Artist Statement: This painting is the centerpiece of a triptych on addiction and recovery, symbolizing the expurgation, rebirth, and absolution that recovery arouses. The amalgamation of human form and natural elements emphasizes this duality— juxtaposing human resilience against the decay wrought by substance dependence. The work ties into René Girard’s theory of scapegoating and mimetic rivalry, suggesting that personal recovery mirrors the communal expulsion of the scapegoat. In this light, the individual’s struggle becomes a microcosm of societal purification and renewal, where expurgation and rebirth are not merely personal but inherently connected to broader cultural rituals and myths.

In mythological and religious contexts, the worm often symbolizes decay, death, and rebirth. The worm’s presence in this painting evokes themes of transformation and renewal found in various cultural narratives. In Christian symbolism, for example, worms are often associated with the corruption of the flesh and the transience of earthly life, yet they also signify the potential for spiritual rebirth and redemption. This duality aligns with the journey of the addict, who must confront the decay wrought by addiction to achieve personal renewal and spiritual rebirth.

The brain obstructing the mouth represents the expurgation and spiritual catharsis of the addict’s journey. It symbolizes the expulsion of the old self, riddled with the burdens of addiction, and the creation of a new, rejuvenated identity. The flower emerging from the crown signifies this renewal and growth. This transformation is deeply connected to the archetype of the self in mythology and religion, where rebirth and resurrection often follow a period of profound suffering and introspection. The brain and flower together reflect the idea that true recovery involves a rebirth of the self.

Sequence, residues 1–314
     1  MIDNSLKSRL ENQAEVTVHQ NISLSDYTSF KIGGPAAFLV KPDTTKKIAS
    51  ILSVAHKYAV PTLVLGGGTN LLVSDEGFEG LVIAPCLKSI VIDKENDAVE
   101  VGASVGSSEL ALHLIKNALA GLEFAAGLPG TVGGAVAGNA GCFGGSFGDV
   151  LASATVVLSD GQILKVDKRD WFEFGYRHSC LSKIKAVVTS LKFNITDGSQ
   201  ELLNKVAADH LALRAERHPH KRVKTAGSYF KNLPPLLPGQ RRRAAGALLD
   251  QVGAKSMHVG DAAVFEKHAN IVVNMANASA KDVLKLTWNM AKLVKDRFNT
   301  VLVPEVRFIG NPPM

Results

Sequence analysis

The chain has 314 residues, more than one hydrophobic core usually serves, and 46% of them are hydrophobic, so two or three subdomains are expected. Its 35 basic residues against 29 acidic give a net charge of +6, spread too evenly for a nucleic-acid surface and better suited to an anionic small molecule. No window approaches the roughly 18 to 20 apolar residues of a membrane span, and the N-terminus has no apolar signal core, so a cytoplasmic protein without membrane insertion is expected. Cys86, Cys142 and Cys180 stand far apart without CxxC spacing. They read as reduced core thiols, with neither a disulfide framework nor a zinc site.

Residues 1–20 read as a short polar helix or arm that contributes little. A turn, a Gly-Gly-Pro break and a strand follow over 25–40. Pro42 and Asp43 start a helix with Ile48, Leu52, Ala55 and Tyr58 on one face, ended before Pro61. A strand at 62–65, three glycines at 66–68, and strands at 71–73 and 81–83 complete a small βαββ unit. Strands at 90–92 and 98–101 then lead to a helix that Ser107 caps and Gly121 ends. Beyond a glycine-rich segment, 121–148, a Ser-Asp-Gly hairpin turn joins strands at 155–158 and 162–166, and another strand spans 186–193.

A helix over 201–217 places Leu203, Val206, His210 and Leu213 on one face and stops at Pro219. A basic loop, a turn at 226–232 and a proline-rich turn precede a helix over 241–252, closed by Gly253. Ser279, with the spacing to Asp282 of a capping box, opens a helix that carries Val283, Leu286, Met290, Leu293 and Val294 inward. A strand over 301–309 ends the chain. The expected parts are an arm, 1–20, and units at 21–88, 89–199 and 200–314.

16- June Hund | Missing | POR
Sewing pattern paper, watercolor, metal spoons, nails, copper wire on wood
Artist Statement: When I discovered that the spoons were missing from the cupboard, I also discovered other drug paraphernalia in my home. I found syringes, spoons, wire, lighters, foil paper. At first, I felt disbelief, anger, vulnerability, shock, but, most of all betrayal. How could my daughter do this? As I tried to put the pieces together and figure out what was going on. This was when I realized that my daughter was using heroin. All the evidence was in front of me; my daughter needed help.

At first, I wondered why or how this could happen. As I researched and reached out for help, I quickly discovered the stigma and discrimination against both the drug addict and the family. She was sick. This reality was harsh and mentally devastating; not only was my daughter caught as a victim, but I also became an unwilling codependent. All the evidence was concrete; my daughter had a disease and she needed help.

Addiction does not discriminate; it can affect anyone. Drugs interfere with the way neurons send, receive, and process signals via neurotransmitters. Heroin activates the neuron’s chemical structure in the brain. The drug addict becomes unbalanced quickly. The drug controls all emotions, or mental health issues, along with physical attributes. The addiction quickly spirals into dependency impacting the individual, the family, and the community.

After 8.5 years of battling addiction, my beloved daughter, Amanda Ruth Black, died of a heroin fentanyl overdose at age 27 in 2018.

17- Kellie Collier | Preserving Joy | $400
Collage, acrylic paints, acrylic inks, and mixed media gel sticks
Artist Statement: Creating art began as an integral part of my healing journey after the loss of my daughter, Courtney Joy, due to an overdose in 2018. Over the years it has evolved into a life practice. I tend to create from a space that allows the complex themes of life, such as grief and pain, to blend with more lighthearted themes, like Joy and happiness. This is where I find the most personal and fulfilling pieces I have created.

I view my art as a magical co-creation between connecting with my daughter and reconnecting with myself. This connection is the purpose of my annual #100DaysofJoy art challenge. I began this challenge as a support to assist me through my late daughter’s birthday, October, along with the end of the year holiday season. The practice of creating art daily for 100 days is a sacred container for me to intentionally connect with my daughter while exploring new techniques and mediums. My goal is to bring some Joy into everything I create.